Remember, the 27C4096 is the chip we’re going to tell the TL866 we’re programming. The X’s signify an address pin that goes unused on that chip. We’ll be adding three switches to manually control these pins – A18, A19, and A20. You’ll note that the 322 and 160 share every single pin, except that 160’s don’t utilize A20, and the VPP and /OE pins are a bit different.
According to the datasheet for the 27C322, pin 13 (or /GVpp as it’s defined) combines the /OE (output enable) pin and the VPP (programming voltage) pins into one. The 4096, however, keeps these pins separate. This isn’t too much of a problem, though, if we take a look at the operating modes of the 322 we can see that we never really need the /GVpp pin to be anything but zero volts or the programming voltage.
Here, VIL notates logic low, or zero volts. VIH is logic high, or anywhere between 2 and VCC + 1 volts (according to the datasheet). You’ll notice that the only mode that uses VIH is “Output Disable” which isn’t really used while programming the EPROM. So we only really need to switch pin 13 between ground and VPP (which means we can ignore pin 20 on the TL866 completely for programming the 27C322). Unfortunately, the TL866 switches VPP between the programming voltage and VCC voltage, so we need to add a bit of circuitry to change that VCC to GND.
The PNP transistor above conducts when the emitter voltage is greater than the base voltage. During programming, the VPP pin from the TL866 applies the high programming voltage. When this happens, current flows through the base resistor (RB), and pulls pin 13 on the 27C322 to VPP. Then, when the VPP pin on the programmer drops to VCC voltage, the base current drops and the transistor stops conducting. This causes pin 13 to be pulled to VSS through the collector resistor (RC).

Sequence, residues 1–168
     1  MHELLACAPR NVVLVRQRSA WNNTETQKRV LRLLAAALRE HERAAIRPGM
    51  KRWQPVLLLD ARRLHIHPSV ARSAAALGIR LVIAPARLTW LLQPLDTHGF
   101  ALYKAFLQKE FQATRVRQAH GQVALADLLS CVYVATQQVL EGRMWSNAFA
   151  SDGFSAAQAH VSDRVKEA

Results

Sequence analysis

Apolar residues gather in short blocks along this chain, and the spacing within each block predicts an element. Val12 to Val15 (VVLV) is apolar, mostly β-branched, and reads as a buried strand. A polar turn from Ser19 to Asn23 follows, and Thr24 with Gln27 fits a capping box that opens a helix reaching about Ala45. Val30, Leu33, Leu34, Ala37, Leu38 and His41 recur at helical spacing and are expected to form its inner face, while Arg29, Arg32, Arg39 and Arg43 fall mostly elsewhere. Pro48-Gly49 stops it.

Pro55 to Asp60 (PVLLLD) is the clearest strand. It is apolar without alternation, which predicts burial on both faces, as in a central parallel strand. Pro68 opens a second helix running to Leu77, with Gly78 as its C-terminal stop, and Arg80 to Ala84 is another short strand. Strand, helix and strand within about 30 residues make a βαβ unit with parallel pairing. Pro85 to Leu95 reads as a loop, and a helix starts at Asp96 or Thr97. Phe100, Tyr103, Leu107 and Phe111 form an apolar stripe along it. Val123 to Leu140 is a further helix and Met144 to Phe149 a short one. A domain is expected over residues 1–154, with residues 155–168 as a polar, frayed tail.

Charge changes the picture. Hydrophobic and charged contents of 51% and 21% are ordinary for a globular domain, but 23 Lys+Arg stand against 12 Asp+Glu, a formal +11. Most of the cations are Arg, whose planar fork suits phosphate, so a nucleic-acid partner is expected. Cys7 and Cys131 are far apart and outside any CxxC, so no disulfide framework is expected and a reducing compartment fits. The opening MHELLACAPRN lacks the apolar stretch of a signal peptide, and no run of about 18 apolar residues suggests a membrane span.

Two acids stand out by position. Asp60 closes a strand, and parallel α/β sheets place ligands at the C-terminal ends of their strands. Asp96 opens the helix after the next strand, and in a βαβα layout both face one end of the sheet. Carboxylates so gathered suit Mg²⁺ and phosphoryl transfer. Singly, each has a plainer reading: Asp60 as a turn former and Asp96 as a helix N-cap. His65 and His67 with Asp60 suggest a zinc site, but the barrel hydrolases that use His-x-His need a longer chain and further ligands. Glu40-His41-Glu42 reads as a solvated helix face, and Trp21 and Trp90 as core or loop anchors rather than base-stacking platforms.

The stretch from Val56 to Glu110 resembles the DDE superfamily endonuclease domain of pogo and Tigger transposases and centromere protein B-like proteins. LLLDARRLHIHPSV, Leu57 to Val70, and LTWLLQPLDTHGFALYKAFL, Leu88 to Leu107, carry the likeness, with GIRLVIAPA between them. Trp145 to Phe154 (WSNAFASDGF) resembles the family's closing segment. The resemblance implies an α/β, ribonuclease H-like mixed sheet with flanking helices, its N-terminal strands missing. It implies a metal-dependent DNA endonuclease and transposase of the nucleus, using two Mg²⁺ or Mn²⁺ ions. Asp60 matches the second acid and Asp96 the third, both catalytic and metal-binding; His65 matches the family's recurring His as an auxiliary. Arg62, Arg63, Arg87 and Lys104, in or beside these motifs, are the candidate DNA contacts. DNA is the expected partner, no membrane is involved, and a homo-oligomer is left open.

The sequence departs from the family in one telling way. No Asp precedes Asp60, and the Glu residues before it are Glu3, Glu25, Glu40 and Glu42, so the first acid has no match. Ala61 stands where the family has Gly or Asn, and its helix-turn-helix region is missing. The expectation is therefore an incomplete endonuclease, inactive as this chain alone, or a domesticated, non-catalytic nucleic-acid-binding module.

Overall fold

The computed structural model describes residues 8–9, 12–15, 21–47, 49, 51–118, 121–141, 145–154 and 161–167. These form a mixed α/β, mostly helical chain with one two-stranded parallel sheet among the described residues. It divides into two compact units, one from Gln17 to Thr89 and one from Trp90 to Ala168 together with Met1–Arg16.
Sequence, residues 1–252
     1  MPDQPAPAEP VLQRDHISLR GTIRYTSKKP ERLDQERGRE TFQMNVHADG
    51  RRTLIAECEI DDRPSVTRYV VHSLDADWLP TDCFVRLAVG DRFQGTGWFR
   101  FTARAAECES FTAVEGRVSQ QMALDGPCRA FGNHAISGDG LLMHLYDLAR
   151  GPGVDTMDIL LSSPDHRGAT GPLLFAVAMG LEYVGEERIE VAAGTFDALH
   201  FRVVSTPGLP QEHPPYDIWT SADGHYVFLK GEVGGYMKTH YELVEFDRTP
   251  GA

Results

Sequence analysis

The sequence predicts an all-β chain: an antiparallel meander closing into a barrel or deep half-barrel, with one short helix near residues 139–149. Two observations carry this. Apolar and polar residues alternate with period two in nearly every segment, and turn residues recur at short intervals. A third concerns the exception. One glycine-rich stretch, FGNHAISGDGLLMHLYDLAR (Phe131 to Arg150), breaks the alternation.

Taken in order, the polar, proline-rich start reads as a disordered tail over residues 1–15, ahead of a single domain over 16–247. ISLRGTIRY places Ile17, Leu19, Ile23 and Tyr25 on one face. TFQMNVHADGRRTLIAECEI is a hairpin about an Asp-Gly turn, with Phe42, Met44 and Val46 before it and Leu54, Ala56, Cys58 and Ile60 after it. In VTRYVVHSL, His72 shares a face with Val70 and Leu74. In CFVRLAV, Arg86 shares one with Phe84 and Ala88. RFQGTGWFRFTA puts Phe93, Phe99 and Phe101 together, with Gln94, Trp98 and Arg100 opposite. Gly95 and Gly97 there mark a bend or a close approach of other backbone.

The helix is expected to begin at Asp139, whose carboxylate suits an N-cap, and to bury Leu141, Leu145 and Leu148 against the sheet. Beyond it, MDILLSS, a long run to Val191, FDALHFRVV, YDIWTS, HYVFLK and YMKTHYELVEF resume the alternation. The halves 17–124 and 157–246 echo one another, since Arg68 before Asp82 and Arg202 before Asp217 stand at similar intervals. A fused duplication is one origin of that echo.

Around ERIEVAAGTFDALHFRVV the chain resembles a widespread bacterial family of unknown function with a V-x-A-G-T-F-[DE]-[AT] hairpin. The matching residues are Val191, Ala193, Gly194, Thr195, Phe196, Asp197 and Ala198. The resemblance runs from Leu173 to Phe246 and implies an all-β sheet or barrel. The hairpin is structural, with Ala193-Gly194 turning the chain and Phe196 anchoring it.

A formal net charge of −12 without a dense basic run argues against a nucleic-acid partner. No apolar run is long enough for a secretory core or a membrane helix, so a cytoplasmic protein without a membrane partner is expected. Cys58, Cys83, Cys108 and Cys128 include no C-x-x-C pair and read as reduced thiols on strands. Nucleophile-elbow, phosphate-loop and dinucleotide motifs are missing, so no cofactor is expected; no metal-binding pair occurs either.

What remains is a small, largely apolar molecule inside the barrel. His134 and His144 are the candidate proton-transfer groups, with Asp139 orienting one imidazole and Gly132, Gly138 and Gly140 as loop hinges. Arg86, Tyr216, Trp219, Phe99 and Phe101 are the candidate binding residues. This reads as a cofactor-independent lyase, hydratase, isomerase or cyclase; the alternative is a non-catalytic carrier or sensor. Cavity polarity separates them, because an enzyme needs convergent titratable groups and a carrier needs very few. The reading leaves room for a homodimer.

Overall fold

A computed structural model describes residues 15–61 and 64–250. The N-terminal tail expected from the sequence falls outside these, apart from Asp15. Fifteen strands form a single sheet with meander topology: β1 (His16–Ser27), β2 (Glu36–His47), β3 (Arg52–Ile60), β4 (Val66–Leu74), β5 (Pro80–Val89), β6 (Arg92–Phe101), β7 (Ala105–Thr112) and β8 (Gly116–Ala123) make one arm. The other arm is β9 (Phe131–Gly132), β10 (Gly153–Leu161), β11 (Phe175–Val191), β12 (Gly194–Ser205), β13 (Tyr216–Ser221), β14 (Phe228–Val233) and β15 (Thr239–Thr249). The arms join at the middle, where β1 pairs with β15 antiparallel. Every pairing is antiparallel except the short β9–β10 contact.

Now, taking care of the extra address pins is just using simple switches with pull-down resistors.
With this extra circuitry, we can make a standalone 27C322 adapter for the TL866. However, if you check that table again up at the top, you should’ve noticed that the 322 and 160 (and by extension, the 27C800 and 27C400) share a lot of common pins. The only real difference is which pin is used for the programming voltage – pin 32 on the 160 is the VPP pin, but on the 322 this is the A20 pin. We can easily reroute this using a double-pole-double-throw switch.
So with the extra circuitry, we now have our finished product, capable of allowing the TL866 to program 27C322’s, 160’s, 800’s, and 400’s.
Standalone 27C160, 27C800, 27C400 Programming Adapter
This is an older design I made that only programs 27C160’s, 800’s, and 400’s. It’s a lot simpler to understand, and doesn’t require the need for a DPDT switch or PNP transistor.
In order to program the 160’s, we’ll need to reroute the pins on the 160 to match the pinout of the 27C4096, which the TL866 supports. Here’s the pinouts of each of the chips from their datasheets, and the rewiring you’ll need to do.
Pin 1 (A18) and pin 42 (A19) are not available on the 4096, so they will go to the switches that will turn the two address lines to 1’s or 0’s. Here’s a schematic of how you’ll need to connect them to switches using a pull-down resistor.
Simple enough, right?